On 1st April fifty volunteers and supporters gathered at St Agnes Museum, decorated with its own “Queen’s Award” bunting, to welcome HRH The Duke of Kent who had asked to visit the Museum and to meet as many volunteers as possible. Before the visit volunteers had given the Museum a spring clean and prepared the new exhibitions for 2014 and everything looked wonderful.
Despite being delayed by fog, the Duke, who was welcomed by Museum Chairman Roger Radcliffe, took time to meet volunteers and discuss the running of the museum, including our use of social media, as well as examining the exhibits. He was especially interested in the new exhibition commemorating the 1914-18 War and in the booklet containing detailed research on the dead honoured on the Parish war memorials at St Agnes, Mount Hawke, Mithian and Blackwater.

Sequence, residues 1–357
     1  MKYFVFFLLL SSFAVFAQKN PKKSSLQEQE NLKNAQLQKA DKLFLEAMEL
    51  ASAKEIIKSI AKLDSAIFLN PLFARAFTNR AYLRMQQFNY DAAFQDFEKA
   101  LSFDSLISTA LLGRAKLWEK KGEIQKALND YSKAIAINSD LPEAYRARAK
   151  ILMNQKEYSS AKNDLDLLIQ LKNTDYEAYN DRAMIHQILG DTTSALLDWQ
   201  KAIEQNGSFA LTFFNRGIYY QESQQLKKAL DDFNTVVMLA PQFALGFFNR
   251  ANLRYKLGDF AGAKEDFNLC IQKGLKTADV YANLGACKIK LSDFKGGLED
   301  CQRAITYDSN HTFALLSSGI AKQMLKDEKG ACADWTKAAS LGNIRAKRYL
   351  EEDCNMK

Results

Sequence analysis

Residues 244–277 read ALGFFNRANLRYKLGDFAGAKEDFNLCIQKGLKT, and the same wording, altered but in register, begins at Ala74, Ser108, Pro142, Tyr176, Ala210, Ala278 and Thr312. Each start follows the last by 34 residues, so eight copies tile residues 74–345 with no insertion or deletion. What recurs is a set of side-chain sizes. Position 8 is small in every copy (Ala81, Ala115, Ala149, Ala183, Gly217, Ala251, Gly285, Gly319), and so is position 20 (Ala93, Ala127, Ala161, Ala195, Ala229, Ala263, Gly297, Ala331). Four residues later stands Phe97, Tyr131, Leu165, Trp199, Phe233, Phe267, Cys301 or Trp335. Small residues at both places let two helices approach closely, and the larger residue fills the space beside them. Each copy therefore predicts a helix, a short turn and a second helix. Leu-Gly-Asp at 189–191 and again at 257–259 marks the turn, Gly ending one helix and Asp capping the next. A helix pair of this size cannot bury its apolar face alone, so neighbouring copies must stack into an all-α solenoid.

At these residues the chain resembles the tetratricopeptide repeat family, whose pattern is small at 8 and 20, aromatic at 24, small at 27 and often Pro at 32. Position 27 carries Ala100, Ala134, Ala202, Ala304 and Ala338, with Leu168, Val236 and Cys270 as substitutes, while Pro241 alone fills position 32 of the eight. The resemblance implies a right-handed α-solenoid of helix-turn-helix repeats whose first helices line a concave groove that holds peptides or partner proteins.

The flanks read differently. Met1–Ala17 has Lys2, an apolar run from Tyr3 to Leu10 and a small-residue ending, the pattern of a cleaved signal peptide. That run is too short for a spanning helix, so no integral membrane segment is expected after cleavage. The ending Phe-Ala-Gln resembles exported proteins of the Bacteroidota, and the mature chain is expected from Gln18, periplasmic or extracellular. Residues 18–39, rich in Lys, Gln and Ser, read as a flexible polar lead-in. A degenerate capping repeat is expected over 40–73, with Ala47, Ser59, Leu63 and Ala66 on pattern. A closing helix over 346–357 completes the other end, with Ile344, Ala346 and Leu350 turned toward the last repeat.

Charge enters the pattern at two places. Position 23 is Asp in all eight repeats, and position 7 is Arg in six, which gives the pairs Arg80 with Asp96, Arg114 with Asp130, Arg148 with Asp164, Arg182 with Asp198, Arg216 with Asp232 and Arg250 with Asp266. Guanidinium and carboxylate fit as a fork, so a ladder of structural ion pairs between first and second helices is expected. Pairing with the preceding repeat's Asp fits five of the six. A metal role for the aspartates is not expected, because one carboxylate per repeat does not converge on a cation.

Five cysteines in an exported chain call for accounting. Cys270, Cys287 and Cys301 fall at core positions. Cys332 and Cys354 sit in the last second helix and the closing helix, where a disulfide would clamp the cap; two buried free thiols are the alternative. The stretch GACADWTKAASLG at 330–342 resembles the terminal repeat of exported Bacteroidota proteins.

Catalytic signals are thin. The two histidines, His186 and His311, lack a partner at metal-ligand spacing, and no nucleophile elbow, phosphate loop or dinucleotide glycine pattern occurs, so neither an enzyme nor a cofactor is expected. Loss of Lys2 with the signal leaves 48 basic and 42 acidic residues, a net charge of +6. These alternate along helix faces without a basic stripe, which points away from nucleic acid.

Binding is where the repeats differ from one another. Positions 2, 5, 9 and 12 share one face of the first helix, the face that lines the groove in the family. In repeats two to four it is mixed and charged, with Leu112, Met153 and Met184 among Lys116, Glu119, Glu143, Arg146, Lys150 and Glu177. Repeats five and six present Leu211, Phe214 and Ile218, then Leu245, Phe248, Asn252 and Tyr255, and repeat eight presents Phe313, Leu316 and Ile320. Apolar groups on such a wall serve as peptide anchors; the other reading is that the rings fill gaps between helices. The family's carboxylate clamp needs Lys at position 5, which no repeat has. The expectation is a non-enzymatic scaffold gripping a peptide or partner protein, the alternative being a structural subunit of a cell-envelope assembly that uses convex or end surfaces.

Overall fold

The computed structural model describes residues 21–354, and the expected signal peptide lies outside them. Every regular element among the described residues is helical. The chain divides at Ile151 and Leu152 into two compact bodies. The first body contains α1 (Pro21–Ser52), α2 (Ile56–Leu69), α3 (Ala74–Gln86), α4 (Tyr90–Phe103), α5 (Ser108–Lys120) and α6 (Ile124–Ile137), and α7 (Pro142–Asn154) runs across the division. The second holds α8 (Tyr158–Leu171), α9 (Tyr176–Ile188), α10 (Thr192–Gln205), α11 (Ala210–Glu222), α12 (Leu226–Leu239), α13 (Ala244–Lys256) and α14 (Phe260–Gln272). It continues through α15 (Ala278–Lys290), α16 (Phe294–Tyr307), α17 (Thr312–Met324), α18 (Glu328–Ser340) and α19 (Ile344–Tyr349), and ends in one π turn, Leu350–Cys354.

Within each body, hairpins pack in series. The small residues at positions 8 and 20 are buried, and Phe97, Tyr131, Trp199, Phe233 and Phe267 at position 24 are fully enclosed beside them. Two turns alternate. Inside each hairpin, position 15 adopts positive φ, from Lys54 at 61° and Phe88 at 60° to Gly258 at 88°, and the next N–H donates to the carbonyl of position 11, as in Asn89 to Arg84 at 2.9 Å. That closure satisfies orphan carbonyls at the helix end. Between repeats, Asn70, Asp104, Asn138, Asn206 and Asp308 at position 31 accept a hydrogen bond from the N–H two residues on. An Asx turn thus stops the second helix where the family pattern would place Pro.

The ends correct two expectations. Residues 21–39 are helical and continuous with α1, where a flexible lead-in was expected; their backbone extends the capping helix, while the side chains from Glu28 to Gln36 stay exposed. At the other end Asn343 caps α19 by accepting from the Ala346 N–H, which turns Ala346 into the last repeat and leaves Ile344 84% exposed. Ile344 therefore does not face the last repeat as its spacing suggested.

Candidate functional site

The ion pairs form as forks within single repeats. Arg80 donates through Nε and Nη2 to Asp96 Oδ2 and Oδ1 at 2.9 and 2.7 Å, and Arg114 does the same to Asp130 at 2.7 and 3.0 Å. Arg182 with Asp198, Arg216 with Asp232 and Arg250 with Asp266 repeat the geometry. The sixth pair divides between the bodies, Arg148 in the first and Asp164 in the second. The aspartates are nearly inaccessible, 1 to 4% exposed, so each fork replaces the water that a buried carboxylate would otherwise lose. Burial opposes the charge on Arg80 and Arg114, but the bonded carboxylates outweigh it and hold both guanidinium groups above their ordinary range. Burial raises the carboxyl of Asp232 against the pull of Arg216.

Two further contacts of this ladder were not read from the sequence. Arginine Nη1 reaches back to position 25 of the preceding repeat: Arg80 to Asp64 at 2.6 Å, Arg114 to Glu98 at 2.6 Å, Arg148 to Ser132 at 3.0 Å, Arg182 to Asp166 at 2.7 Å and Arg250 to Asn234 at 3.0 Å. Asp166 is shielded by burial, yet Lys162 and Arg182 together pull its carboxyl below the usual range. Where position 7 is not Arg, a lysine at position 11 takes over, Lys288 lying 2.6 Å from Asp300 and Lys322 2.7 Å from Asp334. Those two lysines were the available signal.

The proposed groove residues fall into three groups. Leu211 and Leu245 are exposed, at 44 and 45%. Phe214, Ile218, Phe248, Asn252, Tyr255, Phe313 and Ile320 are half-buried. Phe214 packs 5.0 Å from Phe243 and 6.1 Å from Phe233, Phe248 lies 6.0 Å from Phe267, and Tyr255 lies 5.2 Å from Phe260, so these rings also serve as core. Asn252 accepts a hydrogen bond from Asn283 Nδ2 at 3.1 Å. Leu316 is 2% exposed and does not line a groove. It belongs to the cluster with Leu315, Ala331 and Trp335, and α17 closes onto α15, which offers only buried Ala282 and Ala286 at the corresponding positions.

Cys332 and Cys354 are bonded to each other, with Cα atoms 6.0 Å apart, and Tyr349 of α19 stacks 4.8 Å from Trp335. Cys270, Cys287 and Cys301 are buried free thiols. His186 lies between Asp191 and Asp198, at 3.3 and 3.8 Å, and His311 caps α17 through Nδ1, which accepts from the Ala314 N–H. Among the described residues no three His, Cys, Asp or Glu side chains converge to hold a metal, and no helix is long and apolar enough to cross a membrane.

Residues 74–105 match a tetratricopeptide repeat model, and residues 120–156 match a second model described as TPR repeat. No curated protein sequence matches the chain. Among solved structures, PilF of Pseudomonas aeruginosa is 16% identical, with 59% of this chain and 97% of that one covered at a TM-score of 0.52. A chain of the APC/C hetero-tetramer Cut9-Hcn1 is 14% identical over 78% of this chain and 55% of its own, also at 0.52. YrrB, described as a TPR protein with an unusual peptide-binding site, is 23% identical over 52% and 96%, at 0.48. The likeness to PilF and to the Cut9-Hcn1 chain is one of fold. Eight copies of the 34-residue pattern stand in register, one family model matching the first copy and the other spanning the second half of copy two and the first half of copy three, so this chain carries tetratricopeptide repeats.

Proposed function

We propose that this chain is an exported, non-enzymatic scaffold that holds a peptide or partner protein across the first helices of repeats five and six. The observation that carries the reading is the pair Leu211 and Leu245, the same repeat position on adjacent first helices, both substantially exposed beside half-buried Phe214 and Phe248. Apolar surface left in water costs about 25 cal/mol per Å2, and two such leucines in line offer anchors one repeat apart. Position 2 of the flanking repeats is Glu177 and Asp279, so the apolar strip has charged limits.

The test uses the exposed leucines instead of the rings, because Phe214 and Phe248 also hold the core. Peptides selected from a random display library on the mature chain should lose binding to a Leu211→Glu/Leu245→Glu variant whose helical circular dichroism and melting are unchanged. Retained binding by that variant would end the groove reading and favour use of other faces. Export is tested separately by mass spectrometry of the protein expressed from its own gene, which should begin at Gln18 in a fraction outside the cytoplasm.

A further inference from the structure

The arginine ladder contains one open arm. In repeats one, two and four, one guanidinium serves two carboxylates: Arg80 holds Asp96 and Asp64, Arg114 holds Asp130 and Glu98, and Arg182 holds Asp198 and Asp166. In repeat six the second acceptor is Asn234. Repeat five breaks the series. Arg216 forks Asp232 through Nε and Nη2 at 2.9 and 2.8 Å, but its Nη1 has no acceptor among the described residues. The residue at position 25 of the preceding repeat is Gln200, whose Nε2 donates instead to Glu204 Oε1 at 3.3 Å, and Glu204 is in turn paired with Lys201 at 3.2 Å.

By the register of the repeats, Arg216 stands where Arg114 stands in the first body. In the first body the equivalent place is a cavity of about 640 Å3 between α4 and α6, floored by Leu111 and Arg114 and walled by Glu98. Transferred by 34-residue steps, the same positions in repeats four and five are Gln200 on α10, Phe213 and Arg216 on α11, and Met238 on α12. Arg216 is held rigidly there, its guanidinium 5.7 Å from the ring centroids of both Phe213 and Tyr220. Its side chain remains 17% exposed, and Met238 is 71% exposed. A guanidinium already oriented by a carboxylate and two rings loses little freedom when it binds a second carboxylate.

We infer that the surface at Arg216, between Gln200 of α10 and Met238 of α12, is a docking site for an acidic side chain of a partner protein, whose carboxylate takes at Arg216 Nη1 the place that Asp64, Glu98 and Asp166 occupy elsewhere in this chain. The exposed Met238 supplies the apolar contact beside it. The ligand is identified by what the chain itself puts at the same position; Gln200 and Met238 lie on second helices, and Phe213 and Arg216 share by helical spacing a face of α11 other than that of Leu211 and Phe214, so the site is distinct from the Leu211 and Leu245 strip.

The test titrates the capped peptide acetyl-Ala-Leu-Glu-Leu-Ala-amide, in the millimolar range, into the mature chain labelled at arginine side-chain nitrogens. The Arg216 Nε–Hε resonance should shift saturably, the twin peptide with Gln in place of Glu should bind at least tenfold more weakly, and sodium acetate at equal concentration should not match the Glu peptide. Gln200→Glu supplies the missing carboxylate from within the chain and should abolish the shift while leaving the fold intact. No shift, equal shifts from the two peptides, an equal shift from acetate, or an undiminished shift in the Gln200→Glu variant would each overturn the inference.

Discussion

Having just visited Trevaunance Cove, the Duke was intrigued by in the model of St Agnes Harbour in its 19th century heyday and the figurehead of the Lady Agnes, a schooner built on the beach at Trevaunance.
On the touchscreen we were able to show the Duke photos of his 1977 visit to St Agnes Lifeboat Station when he presented Roger Radcliffe with a letter on vellum for his part, as a lifeboat crew member, in a dangerous rescue.
Before leaving, the Duke signed the Visitors’ Book and was presented with a basket of local produce – including a family of chocolate leatherback turtles in homage to the Museum’s leatherback turtle – by four pupils, Sarah, Lily, Nat and Aaron, from St Agnes Primary School.
Roger Radcliffe summed up the views of all involved when he said: “It is truly remarkable that the success of our collective effort in volunteering should have prompted a visit from such a public figure as the Duke of Kent.”